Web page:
Structure, Organization, and Agency need to be analyzed if one wants to understand the provisioning process in capitalist economies. The interindustry dependencies shown in Input-Output tables, macroeconomic income flows, and money flows show some structures important for understanding capitalist economies. Business enterprises, government and quasi-government bureaus, and families are important organizations in such economies. Agency occurs, that is, decisions are made by individuals, in a context provided by such structures and organizations (Lee 2009).
Oligopoly involves a small number of firms maintaining special privileges in a market environment where other firms might enter (Rothschild 1993). Ever since the work of Joe Bain and Paolo Sylos Labini (Modigliani 1958), economists have analyzed oligopoly on the basis of Structure, Conduct, and Performance. The structure of a market is more or less stable in time, observable, and influences the conduct of market participants. Conduct includes the choice of which commodities to buy, the prices to post, decisions about advertisement, etc. Performance is a matter of comparing market results with some sort of ideally efficient results (Schmalensee 1987).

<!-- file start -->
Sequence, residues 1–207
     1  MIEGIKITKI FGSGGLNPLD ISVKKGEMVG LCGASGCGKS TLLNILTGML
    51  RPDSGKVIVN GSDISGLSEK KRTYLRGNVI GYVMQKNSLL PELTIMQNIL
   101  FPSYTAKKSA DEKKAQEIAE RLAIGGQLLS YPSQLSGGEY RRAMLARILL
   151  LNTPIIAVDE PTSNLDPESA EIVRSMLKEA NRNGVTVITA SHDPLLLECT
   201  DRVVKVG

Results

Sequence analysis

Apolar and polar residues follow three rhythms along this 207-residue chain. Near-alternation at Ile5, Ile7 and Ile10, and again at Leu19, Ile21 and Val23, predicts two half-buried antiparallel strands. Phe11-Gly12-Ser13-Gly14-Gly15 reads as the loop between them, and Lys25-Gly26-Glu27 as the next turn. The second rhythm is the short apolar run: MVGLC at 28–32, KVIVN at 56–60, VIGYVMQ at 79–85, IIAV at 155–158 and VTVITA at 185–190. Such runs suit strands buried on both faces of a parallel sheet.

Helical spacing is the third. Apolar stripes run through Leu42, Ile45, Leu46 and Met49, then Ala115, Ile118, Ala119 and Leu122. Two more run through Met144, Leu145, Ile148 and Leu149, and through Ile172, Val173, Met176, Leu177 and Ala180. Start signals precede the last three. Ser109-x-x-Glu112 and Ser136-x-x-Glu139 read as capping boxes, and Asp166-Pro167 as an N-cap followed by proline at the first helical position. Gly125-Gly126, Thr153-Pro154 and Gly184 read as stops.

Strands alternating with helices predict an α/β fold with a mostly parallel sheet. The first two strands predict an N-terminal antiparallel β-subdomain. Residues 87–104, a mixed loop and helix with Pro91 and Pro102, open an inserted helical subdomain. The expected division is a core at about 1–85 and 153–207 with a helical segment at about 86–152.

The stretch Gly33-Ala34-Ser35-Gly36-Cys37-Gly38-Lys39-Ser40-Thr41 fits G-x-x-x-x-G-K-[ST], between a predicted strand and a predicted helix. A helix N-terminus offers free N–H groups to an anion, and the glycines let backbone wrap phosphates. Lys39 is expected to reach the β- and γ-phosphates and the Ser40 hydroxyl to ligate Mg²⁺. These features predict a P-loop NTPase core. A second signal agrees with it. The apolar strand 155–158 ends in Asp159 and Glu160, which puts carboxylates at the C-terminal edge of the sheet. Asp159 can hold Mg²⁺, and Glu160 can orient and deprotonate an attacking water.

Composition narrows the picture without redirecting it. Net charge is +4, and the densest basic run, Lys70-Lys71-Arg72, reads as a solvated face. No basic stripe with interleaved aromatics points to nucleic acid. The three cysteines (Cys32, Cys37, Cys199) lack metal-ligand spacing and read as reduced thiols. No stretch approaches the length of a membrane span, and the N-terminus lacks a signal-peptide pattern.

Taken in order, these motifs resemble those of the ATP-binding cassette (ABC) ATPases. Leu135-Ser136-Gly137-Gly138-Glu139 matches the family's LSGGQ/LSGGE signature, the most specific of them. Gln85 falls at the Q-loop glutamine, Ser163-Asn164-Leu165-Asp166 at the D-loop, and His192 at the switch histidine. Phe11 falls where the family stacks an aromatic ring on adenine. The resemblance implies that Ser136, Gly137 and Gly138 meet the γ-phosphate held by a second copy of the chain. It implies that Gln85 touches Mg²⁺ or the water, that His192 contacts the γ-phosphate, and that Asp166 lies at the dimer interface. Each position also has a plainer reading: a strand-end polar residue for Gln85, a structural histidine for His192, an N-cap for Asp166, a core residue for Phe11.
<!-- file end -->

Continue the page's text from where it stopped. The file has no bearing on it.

- Frederic Lee (2009) A History of Heterodox Economics: Challenging the Mainstream in the Twentieth Century, Routledge
- Franco Modigliani (1958) "New Developments on the Oligopoly Front", Journal of Political Economy, V. 66, N. 3 (June): pp. 215-232.
- Kurt W. Rothschild (1993) "Oligopoly: Walking the Sylos-Path", in Markets and Institutions in Economic Development: Essays in Honour of Paolo Sylos Labini (Edited by S. Biasco, A. Roncaglia, and M. Salvati), St. Martin's Press
- Richard Schmalensee (1987) "Industrial Organization", in The New Palgrave: A Dictionary of Economics (Edited by J. Eatwell, M. Milgate, and P. Newman), MAcmillan